From the capital of England and the United Kingdom, to one of the biggest world cities with a population greater than many countries in the world, this city has a lot going on. In fact, there's plenty that you can easily miss out on if you don't know what to look for. That's why we've created this list of 25 Interesting Facts About London!
The UK does not have a national day, though sometimes it uses the birthday of the Queen.
London is the biggest city in the UK and the most expensive to live in.
For almost 300 years French was the official language in the UK, from 1066 to 1362.
Killing a swan is illegal in the UK. If you kill one you get a fine of £5,000 or a 6-month sentence.
In the past London had different names like Londinium or Ludenburg.
J.K. Rowling was the first writer to ever become a billionaire from her writings. In ’14, her total net worth reached $1 billion.
There are no active volcanoes in the UK.
There are more English speakers in the US, India, Pakistan, Nigeria and the Philippines than in the United Kingdom.
According to a legend, the Scottish flag with a white cross over a blue background is a representation of the shape of clouds formed when Scotland was fighting with Angles, a tribe of Germanic invaders.
Shakespeare added approximately three-thousand words to the English language.
Every year a person in the UK gets through 38 kilograms of newspaper on average.
Birmingham is the second-largest city in the UK.
During the 16th century, the king raised a tax for everyone with a beard.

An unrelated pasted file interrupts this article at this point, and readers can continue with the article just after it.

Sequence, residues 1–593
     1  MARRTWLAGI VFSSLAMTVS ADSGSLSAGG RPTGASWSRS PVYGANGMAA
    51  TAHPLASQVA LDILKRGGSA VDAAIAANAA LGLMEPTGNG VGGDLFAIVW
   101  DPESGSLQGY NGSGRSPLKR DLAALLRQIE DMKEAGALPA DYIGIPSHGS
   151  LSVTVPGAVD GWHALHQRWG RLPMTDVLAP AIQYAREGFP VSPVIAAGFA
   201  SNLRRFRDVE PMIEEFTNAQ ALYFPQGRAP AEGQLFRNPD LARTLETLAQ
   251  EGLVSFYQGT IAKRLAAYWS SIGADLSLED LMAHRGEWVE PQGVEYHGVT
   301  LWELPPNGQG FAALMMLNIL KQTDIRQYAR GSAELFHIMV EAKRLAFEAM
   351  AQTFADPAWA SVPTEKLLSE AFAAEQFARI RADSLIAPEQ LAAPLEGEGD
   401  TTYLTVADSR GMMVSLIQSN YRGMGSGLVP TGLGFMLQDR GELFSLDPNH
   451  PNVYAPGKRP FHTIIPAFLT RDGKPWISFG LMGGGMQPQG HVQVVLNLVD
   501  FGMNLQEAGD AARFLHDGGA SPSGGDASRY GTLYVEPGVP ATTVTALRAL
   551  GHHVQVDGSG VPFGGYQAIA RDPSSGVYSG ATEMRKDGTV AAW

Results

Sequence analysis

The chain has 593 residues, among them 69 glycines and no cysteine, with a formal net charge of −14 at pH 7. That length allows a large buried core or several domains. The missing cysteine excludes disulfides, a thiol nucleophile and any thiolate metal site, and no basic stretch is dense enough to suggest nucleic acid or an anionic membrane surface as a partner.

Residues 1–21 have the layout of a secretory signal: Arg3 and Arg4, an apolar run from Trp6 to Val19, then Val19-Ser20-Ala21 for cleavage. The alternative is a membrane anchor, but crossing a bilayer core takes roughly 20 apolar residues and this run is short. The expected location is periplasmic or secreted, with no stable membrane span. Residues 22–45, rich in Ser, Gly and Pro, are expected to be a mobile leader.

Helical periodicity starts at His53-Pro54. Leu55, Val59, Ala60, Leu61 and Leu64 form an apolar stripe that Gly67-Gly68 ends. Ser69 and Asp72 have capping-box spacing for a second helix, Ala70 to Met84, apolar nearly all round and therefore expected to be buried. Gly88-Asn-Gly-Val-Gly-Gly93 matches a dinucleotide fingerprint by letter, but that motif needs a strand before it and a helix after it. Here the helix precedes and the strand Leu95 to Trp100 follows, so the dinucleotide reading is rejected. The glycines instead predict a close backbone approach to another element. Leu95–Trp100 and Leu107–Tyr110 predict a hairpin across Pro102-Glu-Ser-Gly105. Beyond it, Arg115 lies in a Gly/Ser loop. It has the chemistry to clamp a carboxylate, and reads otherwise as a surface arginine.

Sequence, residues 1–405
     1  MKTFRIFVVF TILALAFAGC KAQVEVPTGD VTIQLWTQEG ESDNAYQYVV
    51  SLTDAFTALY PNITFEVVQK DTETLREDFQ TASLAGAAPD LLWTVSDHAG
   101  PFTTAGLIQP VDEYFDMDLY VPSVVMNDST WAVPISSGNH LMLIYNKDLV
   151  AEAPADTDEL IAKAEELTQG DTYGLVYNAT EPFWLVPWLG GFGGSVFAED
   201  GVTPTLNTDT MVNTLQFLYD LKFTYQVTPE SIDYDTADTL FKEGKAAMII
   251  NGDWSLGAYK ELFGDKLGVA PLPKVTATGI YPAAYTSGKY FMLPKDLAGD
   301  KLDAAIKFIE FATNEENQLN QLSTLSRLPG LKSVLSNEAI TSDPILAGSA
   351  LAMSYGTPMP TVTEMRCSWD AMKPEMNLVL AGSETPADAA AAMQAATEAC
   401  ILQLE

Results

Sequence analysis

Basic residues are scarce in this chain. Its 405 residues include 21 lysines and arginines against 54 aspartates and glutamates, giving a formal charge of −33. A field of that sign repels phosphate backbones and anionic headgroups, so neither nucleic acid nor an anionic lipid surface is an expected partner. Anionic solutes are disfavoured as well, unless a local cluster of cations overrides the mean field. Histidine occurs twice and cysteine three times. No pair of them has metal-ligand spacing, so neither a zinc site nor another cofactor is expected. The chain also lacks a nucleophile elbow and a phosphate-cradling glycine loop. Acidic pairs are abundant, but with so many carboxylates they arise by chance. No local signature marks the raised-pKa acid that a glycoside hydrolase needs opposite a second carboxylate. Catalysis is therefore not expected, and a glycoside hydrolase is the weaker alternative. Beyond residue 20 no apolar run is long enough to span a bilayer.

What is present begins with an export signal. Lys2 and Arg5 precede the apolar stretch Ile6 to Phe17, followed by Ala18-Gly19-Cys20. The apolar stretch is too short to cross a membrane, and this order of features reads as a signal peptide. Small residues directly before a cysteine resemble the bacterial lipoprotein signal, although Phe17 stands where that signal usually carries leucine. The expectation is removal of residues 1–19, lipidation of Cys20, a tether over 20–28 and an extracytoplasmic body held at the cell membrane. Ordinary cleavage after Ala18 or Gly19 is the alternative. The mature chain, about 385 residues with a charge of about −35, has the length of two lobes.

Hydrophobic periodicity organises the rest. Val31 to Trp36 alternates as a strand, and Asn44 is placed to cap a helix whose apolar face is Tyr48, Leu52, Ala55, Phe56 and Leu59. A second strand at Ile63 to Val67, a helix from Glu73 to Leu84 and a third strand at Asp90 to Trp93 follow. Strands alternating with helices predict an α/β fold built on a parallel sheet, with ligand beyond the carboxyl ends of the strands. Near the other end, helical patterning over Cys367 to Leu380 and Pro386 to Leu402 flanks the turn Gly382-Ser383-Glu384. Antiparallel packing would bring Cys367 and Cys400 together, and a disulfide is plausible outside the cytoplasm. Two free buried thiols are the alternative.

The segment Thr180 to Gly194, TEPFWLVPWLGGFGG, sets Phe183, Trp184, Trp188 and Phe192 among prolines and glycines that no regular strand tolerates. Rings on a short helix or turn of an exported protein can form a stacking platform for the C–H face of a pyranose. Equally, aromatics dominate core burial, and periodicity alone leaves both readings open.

The English are tea addicts: an Englishman drinks more tea than any person of any other nation (over twenty times more than Americans!).
European continental land is linked with The U.K. through the Channel Tunnel. It connects the city of Calais (France) and Dover (England). At 21 miles this road is the second-longest underground tunnel.
Wales’ capital city Cardiff is known as the ‘City of Arcades’ as it is home to the highest concentration of Victorian, Edwardian and contemporary indoor shopping arcades of any British city.
In London, the tube route from Leicester Square to Covent Garden is the most popular tube route for tourists despite the fact that it is actually quicker to cover this distance on foot!
Did you know that Windsor Castle is the oldest royal residence in the world that is still being used by the royal family and that Buckingham Palace was built in 1702 on the site of an infamous brothel!
Big Ben is not a clock. Contrary to popular belief that Big Ben refers to the world-famous clock, it is actually the name of the thirteen-ton bell. The tower itself is known as St. Stephen’s Tower.
That London is one of the cities with the highest cultural diversity in the world, can be gauged from the fact that about 25% of the inhabitants of London were born outside of England!
The London Eye is the tallest observation wheel in the world and each rotation takes about 30 minutes.
Did you know that the River Thames, which flows through London, has over 200 bridges and 20 tunnels? Something to keep in mind next time you’re walking back to your hotel near the Tower of London! What an amazing and endearing part of our exciting world!
Margaret Thatcher was the first woman ever elected as the Prime Minister of the UK. At the same time, she’s known as the longest servant as a PM of the UK.
The typical food in the U.K. is roast beef and Yorkshire beef, but the Brits have voted Chicken Tikka as their national dish. The Chicken Tikka is actually an Indian recipe.
The first postage stamp was created in the U.K. It was designed in May 1840, and it featured Queen Victoria.